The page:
INTRODUCTION
Challenges in Asthma Management: Severity-Based Classification of Patients
Paper Symposium
Activity Date: May 2003  — Activity Info: Volume 3, (5A)
Goals & Objectives | Faculty | Introduction | Full Activity Content | CME Test & Evaluation (CME Expired) | Order Copy of Activity

 

Challenges in Asthma Management: Severity-Based Classification of Patients
Peter S. Creticos, MD*

In 1991 and 1997, the National Heart, Lung, and Blood Institute's National Asthma Education and Prevention Program (NAEPP) issued guidelines for the diagnosis and management of asthma. An update on selected issues covered in the guidelines was published in 2002. The NAEPP guidelines have improved the standard and consistency of asthma care and have encouraged research into approaches and treatments leading to continuous advancements in the ability to help patients with asthma.

Although the guidelines have stimulated these advances, their application in clinical practice can be challenging. In particular, the recommendation of severity-based stratification of patients as a means of guiding treatment decisions can be problematic when followed without an appreciation of the challenges inherent in this approach. This issue of Advanced Studies in Medicine, which includes a review article, a case study, and a clinician interview, examines the challenges and practical implications of severity-based classification of patients with asthma.

In the NAEPP guidelines, intervention is tailored to patients' asthma severity, which is classified on the basis of lung function tests, symptoms, and functional ability as being mild intermittent, mild persistent, moderate persistent, or severe persistent. In their review, "Challenges in Assessing Asthma Severity in Clinical Practice," Drs Joseph Spahn and William J. Calhoun emphasize that these severity categories, with their corresponding treatment recommendations, are intended to be general guiding principles for therapeutic decision-making and that they need to be interpreted and applied with flexibility. This flexibility is necessary because of the difficulty in accurate determination of asthma severity in clinical practice. Drs Spahn and Calhoun discuss several factors that may impede accurate determination of asthma severity:

  • Severity classification varies according to how it is assessed
  • Asthma is a variable disease
  • Patients underreport asthma symptoms
  • Asthma control and asthma severity are not synonymous
  • Mild asthma and/or normal spirometry do not necessarily translate into the absence of a need for careful monitoring or therapeutic intervention. Patients with mild asthma and/or normal spirometry can be sicker than pulmonary function tests reflect and can benefit from interventions typically reserved for patients in higher severity strata.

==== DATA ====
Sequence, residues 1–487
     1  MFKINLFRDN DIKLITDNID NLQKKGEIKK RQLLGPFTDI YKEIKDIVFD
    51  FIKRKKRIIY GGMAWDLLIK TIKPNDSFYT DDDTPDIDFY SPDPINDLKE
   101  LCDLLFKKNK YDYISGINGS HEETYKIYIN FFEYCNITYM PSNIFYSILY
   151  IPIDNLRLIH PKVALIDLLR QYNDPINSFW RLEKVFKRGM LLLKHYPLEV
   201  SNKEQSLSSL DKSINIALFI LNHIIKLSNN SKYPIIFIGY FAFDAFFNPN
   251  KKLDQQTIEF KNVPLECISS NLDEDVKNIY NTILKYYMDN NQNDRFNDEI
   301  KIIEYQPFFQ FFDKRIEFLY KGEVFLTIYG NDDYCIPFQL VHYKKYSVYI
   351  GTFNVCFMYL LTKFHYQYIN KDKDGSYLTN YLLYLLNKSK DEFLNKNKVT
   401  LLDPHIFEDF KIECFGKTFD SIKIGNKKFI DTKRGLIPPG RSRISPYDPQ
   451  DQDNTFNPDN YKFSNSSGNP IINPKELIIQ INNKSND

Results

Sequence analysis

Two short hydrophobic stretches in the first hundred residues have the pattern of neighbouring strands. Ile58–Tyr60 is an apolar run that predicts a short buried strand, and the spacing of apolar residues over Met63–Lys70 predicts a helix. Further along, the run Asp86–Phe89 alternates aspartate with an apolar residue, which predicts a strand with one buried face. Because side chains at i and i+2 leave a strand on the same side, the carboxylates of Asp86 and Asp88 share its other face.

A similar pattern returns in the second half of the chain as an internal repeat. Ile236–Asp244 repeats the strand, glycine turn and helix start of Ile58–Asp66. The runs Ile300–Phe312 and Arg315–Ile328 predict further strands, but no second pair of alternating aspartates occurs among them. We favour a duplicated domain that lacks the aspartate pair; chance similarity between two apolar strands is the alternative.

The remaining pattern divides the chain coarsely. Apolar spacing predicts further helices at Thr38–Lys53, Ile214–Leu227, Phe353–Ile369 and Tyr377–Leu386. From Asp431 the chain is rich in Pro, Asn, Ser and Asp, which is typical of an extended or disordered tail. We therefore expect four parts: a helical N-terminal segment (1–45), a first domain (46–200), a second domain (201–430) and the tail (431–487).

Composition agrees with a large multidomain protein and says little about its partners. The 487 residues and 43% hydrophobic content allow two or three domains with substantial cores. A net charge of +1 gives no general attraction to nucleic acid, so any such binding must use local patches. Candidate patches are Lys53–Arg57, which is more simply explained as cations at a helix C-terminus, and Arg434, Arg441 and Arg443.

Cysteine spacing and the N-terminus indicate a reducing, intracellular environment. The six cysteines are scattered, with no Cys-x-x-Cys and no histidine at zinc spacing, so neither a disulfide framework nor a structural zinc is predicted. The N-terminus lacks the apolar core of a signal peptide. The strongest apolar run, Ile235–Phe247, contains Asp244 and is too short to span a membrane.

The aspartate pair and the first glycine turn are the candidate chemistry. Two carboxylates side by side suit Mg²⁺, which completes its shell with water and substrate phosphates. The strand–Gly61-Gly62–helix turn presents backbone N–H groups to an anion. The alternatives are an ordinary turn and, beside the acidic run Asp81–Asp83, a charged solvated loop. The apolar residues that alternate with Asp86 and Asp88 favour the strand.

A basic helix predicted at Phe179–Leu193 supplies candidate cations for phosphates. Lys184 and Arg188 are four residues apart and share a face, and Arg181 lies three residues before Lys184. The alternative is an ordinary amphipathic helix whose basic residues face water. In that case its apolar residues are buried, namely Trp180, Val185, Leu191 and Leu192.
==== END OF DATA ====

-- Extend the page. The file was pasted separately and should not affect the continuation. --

In the case study accompanying the review, Dr Spahn describes a case that illustrates how the above factors can complicate asthma assessment in clinical practice. The case illustrates that, while assessing asthma severity in the clinic can be difficult, careful attention to the patient and consideration of a range of measures can help in formulating an accurate assessment of asthma severity. To gain an additional perspective on the practical implications of severity-based stratification of patients with asthma, the Senior Contributing Editor for Advanced Studies in Medicine interviewed Dr Calhoun; excerpts of the interview are published in this issue. Aside from offering insight on assessing asthma severity in clinical practice, Dr Calhoun discusses his views on treatment approaches and recent developments in asthma.

Accurate assessment of asthma severity is critical in optimizing patient care. As Drs Spahn and Calhoun point out, misappraisal of patients' clinical status leads to inappropriate intervention, in which medication is either overprescribed or is underprescribed with a resulting deterioration of asthma control. Healthcare providers can improve their ability to gauge asthma severity in clinical practice by judiciously interpreting and applying the NAEPP guidelines while remaining vigilant about their limitations.

*Associate Professor of Medicine and Clinical Director, Division of Allergy and Clinical Immunology, Johns Hopkins University School of Medicine, and Medical Director, Asthma and Allergy Diseases, Johns Hopkins Asthma and Allergy Center, Baltimore, Maryland.

     
Home | Contact Us | View Account | Need Help?